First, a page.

What I Eat – Simple, Plant-Based, Clean

I am not a health professional and the below is in no way a prescription. This post simply aims to answer the question that I am asked most often on the online forums, and in real life, which is “What do you eat/What can you eat?”

The simple answer is that: It has taken me years of trial and error, learning to listen to my body, to find that I feel and perform my best on an alkaline, plant based, gluten free wholefoods diet. What’s that in English you say?… It means that my blood work results, general wellbeing, comfort, emotional/mental and fitness performance have all shown to be optimised when I eat a diet consisting of vegetables, fruits, activated nuts (I activate them myself at home as the ones you can buy are too expensive), seeds, healthy fats (avocado, coconut), legumes and gluten free wholegrains.

This way of eating reflects the common factors of the world’s healthiest long-living cultures (societies where most people live with great health and vitality until ages significantly greater than the average across the world’s developed nations). The most famous example being the Okinawans of Japan whom you can read more about in books such as ‘Healthy at 100’ by John Robbins and ‘The Okinawan Way’ by Makoto Suzuki. I also recommend the book ‘No Meat Athlete’ by Matt Frazier even if your fitness intentions only stretch so far as completing one short walk a day.

Prior to finding my sustainable fit with a plant-based diet, I experimented on myself, with everything from following the Australian government’s food pyramid and healthy eating guidelines (awful), to High Protein/Low Carb/Low Fat (before diagnosis with PKD), raw vegan, High Fat Low Carb, shake based weight loss plans, ‘cutting diets’, carb loading… you name it I’ve probably tried it. I undertook each method scientifically using weights and measures, skin fold and fitness tests, food and performance diaries and ensured near 100% adherence for at least 3 months at a time. Some of these methods were effective at triggering weight loss and meeting certain body image and/or composition and performance goals I had at the time but none have proven as easy, healthy, energising, balancing, practical and cost-effective long term as a dead set simple wholefoods plant based diet.

The best things about this nutrition methodology are that it is a ‘no-brainer’, low-stress, kidney friendly way of life and totally adaptable to both my training routines and to managing my IBS/food sensitivities and restrictions.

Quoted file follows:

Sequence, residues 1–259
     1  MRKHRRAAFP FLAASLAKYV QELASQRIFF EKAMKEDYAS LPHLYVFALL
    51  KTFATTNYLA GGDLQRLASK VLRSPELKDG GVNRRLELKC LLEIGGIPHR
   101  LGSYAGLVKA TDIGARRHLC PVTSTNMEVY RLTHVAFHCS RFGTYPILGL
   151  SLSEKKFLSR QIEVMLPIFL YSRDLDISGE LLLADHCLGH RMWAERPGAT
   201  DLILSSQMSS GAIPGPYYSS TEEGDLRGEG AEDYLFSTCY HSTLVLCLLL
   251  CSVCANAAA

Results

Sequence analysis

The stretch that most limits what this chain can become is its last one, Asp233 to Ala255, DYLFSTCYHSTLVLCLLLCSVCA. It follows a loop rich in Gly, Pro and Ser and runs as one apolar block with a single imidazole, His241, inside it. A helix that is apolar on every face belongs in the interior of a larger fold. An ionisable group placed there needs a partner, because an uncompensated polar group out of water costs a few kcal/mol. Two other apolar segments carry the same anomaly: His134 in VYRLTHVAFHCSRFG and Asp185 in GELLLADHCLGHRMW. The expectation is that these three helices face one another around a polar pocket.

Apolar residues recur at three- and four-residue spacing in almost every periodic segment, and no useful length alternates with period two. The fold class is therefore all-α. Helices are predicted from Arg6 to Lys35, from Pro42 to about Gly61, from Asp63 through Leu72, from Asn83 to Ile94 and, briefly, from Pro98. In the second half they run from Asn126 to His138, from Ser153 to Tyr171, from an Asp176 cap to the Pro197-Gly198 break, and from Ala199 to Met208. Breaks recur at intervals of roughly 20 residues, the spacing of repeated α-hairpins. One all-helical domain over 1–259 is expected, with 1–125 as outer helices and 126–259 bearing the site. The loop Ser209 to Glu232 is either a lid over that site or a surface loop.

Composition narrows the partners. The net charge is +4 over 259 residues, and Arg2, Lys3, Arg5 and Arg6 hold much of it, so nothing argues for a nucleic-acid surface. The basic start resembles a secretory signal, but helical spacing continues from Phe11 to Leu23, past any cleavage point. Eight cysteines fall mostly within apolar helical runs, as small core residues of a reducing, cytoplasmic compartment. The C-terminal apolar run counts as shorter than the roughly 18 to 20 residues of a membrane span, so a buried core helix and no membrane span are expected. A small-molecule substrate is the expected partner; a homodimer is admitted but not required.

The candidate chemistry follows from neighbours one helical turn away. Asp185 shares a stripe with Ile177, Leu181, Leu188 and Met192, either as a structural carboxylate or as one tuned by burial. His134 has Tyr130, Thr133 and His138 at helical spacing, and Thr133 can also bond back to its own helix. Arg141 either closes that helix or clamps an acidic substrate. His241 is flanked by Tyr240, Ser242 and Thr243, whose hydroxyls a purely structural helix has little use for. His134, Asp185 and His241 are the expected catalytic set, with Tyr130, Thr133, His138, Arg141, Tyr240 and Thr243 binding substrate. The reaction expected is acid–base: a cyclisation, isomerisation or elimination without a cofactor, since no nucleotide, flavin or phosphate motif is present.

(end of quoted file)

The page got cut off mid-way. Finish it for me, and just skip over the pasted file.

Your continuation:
It involves eating little to no processed/packaged foods, no refined sugar (kick sugar and even broccoli will start to taste great) and no refined flours and instead just shopping for ‘ingredients’ ie. ‘real’ fresh food and then preparing this simply. Who has time to slave away in the kitchen for hours? Not me!

Regular readers will already know that I suffer from Irritable Bowel Syndrome and Gastritis, as well as PKD. To manage my symptoms for the best chance of being able to complete my twice daily triathlon training and generally live a happy, comfortable and sociable life, I have lists of foods that I religiously avoid. Some I avoid only before racing or certain types of training (because they will produce wind and mild discomfort) right through to ‘never’ foods that I can’t ever touch because they will keep me in the bathroom all day. Some of my trigger foods have been identified as a result of medical diagnosis whereas others I have placed self-imposed restrictions upon because they make me feel less than 100%. Going through the FODMAP elimination process (via Monash University – info here) helped me find many of the culprits but I felt that this method was incomplete without also trialing animal protein and individual grain elimination/re-introductions. I therefore extended this elimination experiment to create a more complete tolerance profile for myself. Afterall, you don’t need a Dietician’s supervision in order to identify that something gives you diarrhea every time you eat it!

The everyday staple foods that form the basis of my diet are:

Zucchini Banana Rice Lentils Almonds Avocado Raw Carob
Pumpkin Citrus Buckwheat Raw Cacao (in very small amounts as it contains caffeine which is suspected as being bad for PKD) Pecans Olive Herbs especially peppermint, basil and coriander
Potato Kiwi Sorghum Tofu Walnuts Coconut Tumeric, Cinnamon (real, not Cassia), Nutmeg, Cardamon
Carrot Berries Amaranth Peanut Butter Chia Macadamia Water
Sweet Potato Dates Sesame/Tahini Herbal (Caffeine free) Teas
Leafy Greens Avocado Coconut Organic decaf coffee (max 1 per day)
Seaweeds Flaxseeds Real Maple Syrup
Brazil Nuts

*Note for people with PKD: I am in Stage 2 with good function and no issues with Potassium, Phosphorous or blood pressure as yet. The only medication I am on is 1 daily Pantoprazole to treat my Gastritis.

My IBS preventative ‘safest’ foods to eat prior to/during training or racing are:

  • Bananas
  • Steamed potato
  • Dates
  • Iddly/Idli (steamed fermented rice/lentil ‘breads’)
  • Gu Gels
  • Almond and Date based homemade ‘energy’ bars (no refined sugars)

I religiously eat inside of the critical 30minute window after each work out when the body will most quickly absorb and utilise the nutrients towards recovery. Doing so markedly improves my energy levels and reduces muscle soreness the next day. Typically I will eat one type of fresh fruit, iddly or dates and a big green smoothie straight after training. I make the smoothies the night before and store them in big recycled jars in the fridge and then take them in a cold pack to training. They typically consist of one type of fruit blended with leafy greens, water and sometimes one spoonful of Endura Low Carb Rehydration electrolyte powder. As a treat I will sometimes have a decaf cappuccino or dandelion tea on soy, almond or rice milk if I stick around to socialise after training.

On top of my ‘base’ foods listed above, I add in my ‘sometimes’ and ‘not within 8 hrs before running’ foods (for managing IBS) as appropriate:

Macadamia Sesame Ginger
Parsnip (home grown only) Mango and other stone fruits (in small amounts) Kidney Beans, Black Beans and Hummus (in small amounts) Cashew Chai
Broccoli Custard Apple Edamame Pistachio Coconut Kefir
Tomato Passionfruit Peanuts Pumpkin Parsley
Cucumber Figs Tempeh Pepitas Molasses